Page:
February 4th, 2002

I had a good first meeting with my prospective Ortegrity client on Saturday. We spend 3+ hours in a friendly exchange of information. The owner of the company and 4 of his primary associates attended. I was fortunate in that they had all read my paper on Organizational Tensegrity, so had some familiarity with the ideas being presented. At first I answered questions, and then led them through the start up scenario. They seemed to accept synergic relationship as nothing very new. They said as a small company they were already quite synergic. When I suggested that using the concept of synergic consensus and synergic veto in a more formal setting might be more powerful than they imagined, they were open to that but wanted some practical examples. I then suggested they tell me about some of the real problems concerning them, and I would guide them through a practice Ortegrity process.
 
The meeting got much more interesting as they began discussing real issues and concerns. They all grew more animated and finally, one member began by stating a problem of great concern for him. I noticed some hesitation on the part of the owner as the discussion turned to this particular problem so reassured the group that this was just a practice session and that the decisions made here were not binding. Simply, lets try the process and see what happens.
 
I then asked for comments from the group as to better define the problem. After a some more discussion, modifications were made. Once defined, I asked for a proposed solution.
 
One member ventured a proposed solution. I then asked for admendments or suggestions for how to make the proposed solution better. After a few minutes of vigorous discussion the suggested proposal was amended and finalized. In turned out that this problem had been aggravating the organization for sometime, but the owner had not felt comfortable taking action.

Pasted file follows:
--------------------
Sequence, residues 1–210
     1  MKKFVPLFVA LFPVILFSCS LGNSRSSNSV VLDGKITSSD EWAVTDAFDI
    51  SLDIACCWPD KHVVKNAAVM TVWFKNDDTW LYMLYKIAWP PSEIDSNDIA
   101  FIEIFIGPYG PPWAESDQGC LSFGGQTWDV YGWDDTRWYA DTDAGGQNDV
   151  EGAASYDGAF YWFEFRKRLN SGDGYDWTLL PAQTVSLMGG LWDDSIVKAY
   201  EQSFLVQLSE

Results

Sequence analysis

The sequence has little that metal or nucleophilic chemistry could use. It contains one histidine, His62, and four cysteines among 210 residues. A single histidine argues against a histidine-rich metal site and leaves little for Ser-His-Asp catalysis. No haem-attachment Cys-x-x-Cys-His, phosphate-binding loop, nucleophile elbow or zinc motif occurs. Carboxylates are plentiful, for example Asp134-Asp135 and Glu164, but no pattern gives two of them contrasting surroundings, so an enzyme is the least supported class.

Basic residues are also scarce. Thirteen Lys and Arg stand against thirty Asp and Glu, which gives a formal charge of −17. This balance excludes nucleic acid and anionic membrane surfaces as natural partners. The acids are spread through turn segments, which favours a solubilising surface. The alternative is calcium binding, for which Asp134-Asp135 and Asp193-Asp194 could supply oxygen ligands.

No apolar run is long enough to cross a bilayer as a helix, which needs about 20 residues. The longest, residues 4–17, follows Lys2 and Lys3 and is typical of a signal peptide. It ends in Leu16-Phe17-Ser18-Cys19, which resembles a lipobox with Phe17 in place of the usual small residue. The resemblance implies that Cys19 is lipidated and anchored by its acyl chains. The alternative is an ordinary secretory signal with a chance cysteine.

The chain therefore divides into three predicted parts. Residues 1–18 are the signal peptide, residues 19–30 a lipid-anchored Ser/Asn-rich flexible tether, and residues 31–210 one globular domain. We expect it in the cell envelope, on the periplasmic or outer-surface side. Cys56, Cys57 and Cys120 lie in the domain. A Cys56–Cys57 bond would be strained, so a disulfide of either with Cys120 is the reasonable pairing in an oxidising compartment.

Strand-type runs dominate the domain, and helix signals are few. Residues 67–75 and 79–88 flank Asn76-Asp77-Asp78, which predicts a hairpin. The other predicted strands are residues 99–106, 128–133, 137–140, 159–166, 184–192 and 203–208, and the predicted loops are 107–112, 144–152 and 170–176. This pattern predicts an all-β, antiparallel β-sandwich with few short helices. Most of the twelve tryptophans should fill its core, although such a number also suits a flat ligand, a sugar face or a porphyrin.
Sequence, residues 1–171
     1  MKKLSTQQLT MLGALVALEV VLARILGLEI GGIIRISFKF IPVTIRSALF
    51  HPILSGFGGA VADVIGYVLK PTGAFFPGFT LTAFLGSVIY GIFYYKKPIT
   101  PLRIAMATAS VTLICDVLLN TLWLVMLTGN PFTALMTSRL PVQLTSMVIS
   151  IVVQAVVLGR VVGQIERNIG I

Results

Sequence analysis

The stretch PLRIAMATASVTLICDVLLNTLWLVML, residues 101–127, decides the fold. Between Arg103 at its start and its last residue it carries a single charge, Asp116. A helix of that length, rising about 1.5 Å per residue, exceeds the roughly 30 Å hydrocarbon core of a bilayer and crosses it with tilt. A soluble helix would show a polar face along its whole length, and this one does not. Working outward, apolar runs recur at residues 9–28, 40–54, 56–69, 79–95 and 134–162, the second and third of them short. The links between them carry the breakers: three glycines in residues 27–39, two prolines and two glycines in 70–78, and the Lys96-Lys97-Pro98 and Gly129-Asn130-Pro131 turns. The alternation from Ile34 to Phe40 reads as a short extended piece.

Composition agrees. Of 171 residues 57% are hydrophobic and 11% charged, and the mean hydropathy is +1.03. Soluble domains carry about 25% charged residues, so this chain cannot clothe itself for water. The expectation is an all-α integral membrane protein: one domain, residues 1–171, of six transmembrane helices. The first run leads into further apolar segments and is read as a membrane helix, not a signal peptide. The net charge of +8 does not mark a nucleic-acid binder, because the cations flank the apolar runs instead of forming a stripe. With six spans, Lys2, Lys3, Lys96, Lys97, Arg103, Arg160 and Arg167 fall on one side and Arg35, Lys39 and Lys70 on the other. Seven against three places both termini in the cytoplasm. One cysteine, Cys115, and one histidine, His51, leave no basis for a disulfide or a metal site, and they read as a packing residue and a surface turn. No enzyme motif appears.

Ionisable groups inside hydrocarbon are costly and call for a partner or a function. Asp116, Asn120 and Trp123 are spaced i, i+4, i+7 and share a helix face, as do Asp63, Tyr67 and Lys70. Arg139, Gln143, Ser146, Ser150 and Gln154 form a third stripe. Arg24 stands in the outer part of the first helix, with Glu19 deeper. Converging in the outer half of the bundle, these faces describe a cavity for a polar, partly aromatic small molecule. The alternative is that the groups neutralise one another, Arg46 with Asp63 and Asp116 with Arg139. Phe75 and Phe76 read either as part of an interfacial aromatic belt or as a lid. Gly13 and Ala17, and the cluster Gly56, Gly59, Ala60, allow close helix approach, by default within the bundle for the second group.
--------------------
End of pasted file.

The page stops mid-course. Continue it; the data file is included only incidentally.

I then called for synergic veto. I asked if anyone saw anyway the proposal would cause loss for anyone in the organization, they were required to veto. After, a moment of reflection. Each member stated they had no veto. I then explained that all motions not vetoed were passed. The owner spoke up at this point. He said he was genuinely suprised by how he felt. He said he had always been uncomfortable when asked to solve this particular problem in the past, but felt very much in support of the groups decision to solve it.
 
Their decision made, I next asked for a volunteer to take the lead in implementing their agreed upon solution. One member quickly volunteered to accept reponsibility for implementation. I explained the process of negotiated action teams. We talked about Leader — Follower, sometimes I lead, sometimes I follow. The necessity of sometimes using hierarchy when time contraints occur. They seemed confortable with this concept as well.